As long as I was at it and had so much snow at my disposal, I set up the more standard snow-dyeing process per Beth, and experimented with manipulating the fabric by folding rather than just scrunching it up. I tried two different triangle folds and two loose accordion folds, one rolled after folding, the other bound with twist ties in four places and coiled to fit the remaining space. That's a tray from a garden center, nearly taken back for recycling after it carried my pots of plants home. I realized it might come in handy for sun-printing or such, but it works pretty well set on top of a bin for this snow-dyeing. Again, waste not, want not; I laid another fat eighth of white muslin flat in the bottom of the bin to soak in the dyes that would drip down as the snow melted.

One of the things that I didn't like the last time I snow-dyed was sprinkling on the dye - either by tapping straight from the jar or by tapping it off a measuring spoon. I'd been thinking about these old salt and pepper shakers I'd put in with my dye supplies just in case they might come in handy, and now was my chance to see how handy they might be for distributing dye powder more evenly and with less of it flying around in the air. Goodness - they worked even better than I anticipated!

Here's that folded fabric covered with snow and sprinkled with dye - first ProChem golden yellow over the entire surface, then Dharma Better Blue Green in places that I hoped might hit the outer edges of some of the folds. I used a measuring spoon to add here and there some Dharma Cobalt Blue. Again, old dyes and I'm not sure if the Dharma ones are still available under those names. It always looks so gruesome to me at this stage.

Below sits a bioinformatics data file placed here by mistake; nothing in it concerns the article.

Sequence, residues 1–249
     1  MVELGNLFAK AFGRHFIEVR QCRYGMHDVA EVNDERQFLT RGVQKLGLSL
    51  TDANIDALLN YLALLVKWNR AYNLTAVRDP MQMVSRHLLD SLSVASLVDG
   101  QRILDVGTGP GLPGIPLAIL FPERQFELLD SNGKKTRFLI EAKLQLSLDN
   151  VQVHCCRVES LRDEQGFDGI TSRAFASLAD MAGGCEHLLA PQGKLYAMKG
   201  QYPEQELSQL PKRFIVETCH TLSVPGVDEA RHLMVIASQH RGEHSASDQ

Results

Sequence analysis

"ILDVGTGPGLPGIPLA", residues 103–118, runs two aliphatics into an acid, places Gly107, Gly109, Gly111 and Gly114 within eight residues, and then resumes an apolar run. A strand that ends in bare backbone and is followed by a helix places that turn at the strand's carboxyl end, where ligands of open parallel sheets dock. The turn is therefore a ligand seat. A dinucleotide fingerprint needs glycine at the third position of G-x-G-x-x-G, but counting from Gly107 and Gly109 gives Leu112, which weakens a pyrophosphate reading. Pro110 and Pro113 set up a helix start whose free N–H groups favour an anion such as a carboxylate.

But after the snow had melted off, it looked very promising! After rinsing, definitely promising!

Ahhhh - basking in my success! I love these! (click on any picture for a larger view)

These are the fat eighths that soaked in the run-off. Kind of fighting with my camera to pick up the actual colors but I think I've manipulated them fairly closely. Okay and usable somewhere, but not in the "precious" category. I actually have plans for these sparked by a textile artist I follow on Facebook - stay tuned.
Overall, my outcomes were more successful than my first try at this and here are some of the reasons I think why. I still don't quite have the scrunching down like I would like but folding the fabric really produced exciting results. I don't think I've tried this mercerized print cloth before but am very pleased with it. It barely raveled during the washing process, it's a weight and weave I like working with better than Pimatex, and the dye color looks rich and really taken up in the threads. I also tried Beth's method of heating the wet dyed fabric in the microwave prior to using a cold water soak before starting to rinse out the excess dyes in warm soaks. I've read of this method before but this is the first time I used it and I think it made a difference.